Florence Foster Jenkins (2016) may sound like a one-joke contrivance—a rich, generous, arts-loving heiress in 1940s New York City gives private recitals to a select group of high society insiders who never let on to the oblivious woman that she is quite possibly the worst singer to ever trod a stage—but it is both a true story and an unexpectedly tender, touching movie. And it’s quite funny to boot.
Meryl Streep, who is in fact a trained and talented vocalist, pulls off that most difficult of comic performances as Mrs. Jenkins. She glows with joy while her shrill tones are wretchedly off-key and at times off-the-charts while her husband St Clair (a warm and protective Hugh Grant) smiles in appreciation through her rehearsals. Her new practice pianist Cosmé (Simon Helberg, The Big Bang Theory) is dumbstruck during his inaugural session with Florence and Helberg’s performance is superb. He’s like a silent movie comic, looking on gobsmacked then contorting himself to keep from betraying his reaction when he sees that no one else is the least bit fazed. You can imagine everything running through his head as he plays away: are they putting him on? Are they putting her on? Can they even tell she’s wildly untalented? Just what has he gotten himself into, and is having a steady job worth it?
A big week, at least in terms of numbers, so let’s get started, shall we?
“Tamara Drewe” (Sony), directed by Stephen Frears, has a strange and wonderful pedigree: an adaptation of the graphic novel (by Posy Simmonds) inspired by Thomas Hardy’s “Far From the Madding Crowd” and whipped up with a light sex comedy froth by screenwriter Moira Buffini and the cast (headed by the Gemma Arterton as the gorgeous heroine with identity issues and Roger Allam as the philandering author who wants to bed her). Frears brings a light touch and a knowing compassion to this pastoral romantic farce, where true love wins out and false love is (quite literally) trampled out of sight. See my exclusive interview with director Stephen Frears here.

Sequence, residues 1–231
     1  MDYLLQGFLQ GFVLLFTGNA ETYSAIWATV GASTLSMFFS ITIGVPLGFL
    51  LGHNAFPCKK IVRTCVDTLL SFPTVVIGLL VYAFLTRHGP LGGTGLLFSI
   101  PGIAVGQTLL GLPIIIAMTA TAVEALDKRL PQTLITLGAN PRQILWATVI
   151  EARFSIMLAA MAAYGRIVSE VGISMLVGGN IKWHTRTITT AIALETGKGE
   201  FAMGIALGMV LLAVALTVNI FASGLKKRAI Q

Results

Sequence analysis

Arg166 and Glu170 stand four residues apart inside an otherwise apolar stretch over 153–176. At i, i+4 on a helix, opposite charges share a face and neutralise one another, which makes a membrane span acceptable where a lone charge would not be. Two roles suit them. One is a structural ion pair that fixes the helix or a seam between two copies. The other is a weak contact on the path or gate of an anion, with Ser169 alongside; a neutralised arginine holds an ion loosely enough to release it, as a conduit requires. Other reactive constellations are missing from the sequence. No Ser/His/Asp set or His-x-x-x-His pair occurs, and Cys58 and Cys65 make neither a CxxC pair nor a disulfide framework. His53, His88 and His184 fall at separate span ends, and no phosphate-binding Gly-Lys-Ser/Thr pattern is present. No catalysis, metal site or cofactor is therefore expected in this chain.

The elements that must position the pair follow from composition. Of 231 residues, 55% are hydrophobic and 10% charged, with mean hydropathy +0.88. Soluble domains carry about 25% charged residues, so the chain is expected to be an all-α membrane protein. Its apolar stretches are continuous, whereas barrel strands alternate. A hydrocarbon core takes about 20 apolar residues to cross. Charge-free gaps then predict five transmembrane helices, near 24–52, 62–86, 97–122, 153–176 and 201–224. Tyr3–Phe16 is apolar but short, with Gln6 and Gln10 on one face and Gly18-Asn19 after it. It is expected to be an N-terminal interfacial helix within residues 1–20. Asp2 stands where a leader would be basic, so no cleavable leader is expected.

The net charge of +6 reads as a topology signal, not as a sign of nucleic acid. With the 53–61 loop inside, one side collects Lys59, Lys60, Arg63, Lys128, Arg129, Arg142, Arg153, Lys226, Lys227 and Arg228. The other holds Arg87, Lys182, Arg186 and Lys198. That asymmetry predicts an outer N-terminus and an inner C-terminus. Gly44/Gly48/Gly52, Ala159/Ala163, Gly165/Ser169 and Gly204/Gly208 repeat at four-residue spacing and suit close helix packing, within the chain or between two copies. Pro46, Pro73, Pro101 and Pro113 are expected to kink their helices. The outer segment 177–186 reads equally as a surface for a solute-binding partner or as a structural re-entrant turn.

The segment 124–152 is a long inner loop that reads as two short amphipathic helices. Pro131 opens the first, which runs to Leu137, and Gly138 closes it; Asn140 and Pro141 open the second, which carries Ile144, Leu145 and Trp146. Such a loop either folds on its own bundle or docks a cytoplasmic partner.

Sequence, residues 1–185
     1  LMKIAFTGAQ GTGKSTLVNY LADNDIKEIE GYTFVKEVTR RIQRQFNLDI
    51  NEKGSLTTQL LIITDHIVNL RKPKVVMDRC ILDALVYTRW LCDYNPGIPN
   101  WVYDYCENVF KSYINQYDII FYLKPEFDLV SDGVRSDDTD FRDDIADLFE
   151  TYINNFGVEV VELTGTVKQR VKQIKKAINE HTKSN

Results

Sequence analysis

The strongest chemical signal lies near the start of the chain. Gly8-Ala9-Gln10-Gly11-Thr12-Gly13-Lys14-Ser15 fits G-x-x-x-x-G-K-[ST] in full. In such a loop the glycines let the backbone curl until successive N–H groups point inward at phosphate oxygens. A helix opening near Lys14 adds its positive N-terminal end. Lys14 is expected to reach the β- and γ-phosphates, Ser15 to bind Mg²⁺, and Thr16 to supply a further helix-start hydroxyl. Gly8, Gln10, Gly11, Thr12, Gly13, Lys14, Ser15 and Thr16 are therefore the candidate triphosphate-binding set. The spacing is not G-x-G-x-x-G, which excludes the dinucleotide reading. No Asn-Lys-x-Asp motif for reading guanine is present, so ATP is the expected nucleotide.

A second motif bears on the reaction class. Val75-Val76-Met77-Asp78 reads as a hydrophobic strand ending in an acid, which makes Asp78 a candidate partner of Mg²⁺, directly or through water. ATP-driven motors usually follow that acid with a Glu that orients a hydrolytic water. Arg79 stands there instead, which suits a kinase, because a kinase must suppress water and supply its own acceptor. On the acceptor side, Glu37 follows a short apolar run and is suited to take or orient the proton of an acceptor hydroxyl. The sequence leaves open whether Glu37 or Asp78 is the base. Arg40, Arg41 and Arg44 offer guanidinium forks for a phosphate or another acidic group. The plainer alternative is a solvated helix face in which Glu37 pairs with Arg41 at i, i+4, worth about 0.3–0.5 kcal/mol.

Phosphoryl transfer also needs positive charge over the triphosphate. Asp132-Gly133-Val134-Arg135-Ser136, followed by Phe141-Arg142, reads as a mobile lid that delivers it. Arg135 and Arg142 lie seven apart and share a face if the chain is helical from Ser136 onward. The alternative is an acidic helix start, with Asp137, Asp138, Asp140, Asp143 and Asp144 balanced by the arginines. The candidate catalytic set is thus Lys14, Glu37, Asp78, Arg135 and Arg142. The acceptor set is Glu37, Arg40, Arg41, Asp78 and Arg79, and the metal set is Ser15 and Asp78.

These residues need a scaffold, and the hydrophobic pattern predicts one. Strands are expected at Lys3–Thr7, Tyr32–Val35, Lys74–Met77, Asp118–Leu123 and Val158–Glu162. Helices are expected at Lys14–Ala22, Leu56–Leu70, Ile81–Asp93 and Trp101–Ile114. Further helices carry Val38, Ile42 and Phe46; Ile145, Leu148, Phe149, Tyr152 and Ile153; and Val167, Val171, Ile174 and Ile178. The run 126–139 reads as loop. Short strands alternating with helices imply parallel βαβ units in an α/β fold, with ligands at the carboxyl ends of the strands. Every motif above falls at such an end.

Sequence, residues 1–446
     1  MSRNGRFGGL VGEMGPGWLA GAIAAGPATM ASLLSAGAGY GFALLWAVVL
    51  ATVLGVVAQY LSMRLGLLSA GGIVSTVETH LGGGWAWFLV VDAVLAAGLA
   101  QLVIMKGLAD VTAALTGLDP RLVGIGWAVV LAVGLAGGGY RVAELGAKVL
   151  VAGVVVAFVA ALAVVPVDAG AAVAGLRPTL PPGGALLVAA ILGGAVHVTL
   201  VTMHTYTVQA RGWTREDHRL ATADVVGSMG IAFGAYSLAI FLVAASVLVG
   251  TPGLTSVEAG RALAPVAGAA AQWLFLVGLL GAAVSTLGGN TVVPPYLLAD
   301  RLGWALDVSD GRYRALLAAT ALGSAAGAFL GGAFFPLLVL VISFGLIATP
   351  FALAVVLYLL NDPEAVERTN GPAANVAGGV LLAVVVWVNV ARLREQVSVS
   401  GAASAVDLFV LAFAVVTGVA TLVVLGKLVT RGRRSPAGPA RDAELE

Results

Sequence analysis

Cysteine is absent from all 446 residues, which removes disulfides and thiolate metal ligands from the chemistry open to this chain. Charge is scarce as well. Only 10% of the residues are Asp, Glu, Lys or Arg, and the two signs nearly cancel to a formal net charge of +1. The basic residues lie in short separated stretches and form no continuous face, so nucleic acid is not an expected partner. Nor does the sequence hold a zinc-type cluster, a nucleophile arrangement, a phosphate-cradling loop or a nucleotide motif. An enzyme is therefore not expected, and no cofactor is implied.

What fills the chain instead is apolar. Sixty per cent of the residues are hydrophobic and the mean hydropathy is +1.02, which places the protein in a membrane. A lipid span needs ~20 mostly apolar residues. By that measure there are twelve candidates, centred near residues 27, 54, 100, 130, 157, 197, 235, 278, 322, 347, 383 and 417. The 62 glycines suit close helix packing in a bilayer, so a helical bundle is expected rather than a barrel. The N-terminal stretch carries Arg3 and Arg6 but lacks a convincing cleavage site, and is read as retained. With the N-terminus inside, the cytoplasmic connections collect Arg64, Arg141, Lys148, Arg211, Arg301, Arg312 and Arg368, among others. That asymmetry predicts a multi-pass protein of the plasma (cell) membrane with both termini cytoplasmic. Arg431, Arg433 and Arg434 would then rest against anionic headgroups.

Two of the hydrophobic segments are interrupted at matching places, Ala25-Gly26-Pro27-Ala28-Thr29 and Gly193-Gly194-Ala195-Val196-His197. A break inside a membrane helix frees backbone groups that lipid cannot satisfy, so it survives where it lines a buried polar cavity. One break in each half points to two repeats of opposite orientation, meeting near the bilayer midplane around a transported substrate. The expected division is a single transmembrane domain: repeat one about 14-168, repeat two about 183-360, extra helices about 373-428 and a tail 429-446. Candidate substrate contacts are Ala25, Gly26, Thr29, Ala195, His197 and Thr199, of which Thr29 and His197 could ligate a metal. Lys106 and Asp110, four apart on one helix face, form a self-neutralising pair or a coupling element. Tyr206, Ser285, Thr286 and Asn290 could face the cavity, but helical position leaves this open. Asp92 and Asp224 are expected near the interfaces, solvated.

Gemma Arterton and Luke Evans, the terribly gorgeous young things destined for true love in the film, contribute a lively and entertaining (if not particularly insightful) commentary track. The quote of the week goes to Ms. Arterton and her observation: “It’s so hard acting with a chicken under your arm.” The disc (DVD and Blu-ray both) also includes a couple of featurettes: the general, and fairly generic, “The Making of Tamara Drewe” and the more interesting “Reconstructing Tamara Drewe,” which examines the adaptation of the graphic novel with comparisons between the film and the original pages. “It’s not a storyboard for the film,” explains Frears, “but you can see we captured the essence of it.”
“Hideaway” (Strand) – The films of François Ozon constantly offer alternative family and this elusive French drama (originally titled “Le Refuge”) offers yet another. Isabelle Carré is the drug addict who discovers she is pregnant after surviving an OD that kills her boyfriend and heads out to her hideaway to have her child. Louis-Ronan Choisy is the gay brother of her dead boyfriend who shows up at the beach house escape and, for a time, enters her life with an intimacy that no one else is able. She’s both childlike and terribly experienced, removed and yearning, unwilling to put her trust in anyone else but hoping she finds someone to change her mind as she allows the pregnancy to envelope her like a tide. This young gay man is not necessarily that person, but for a brief moment they find a connection and a reason to care for another. In French with English subtitles.
Also new this week: Middle Men, Life As We Know It, You Again, It’s Kind of a Funny Story, For Colored Girls and more.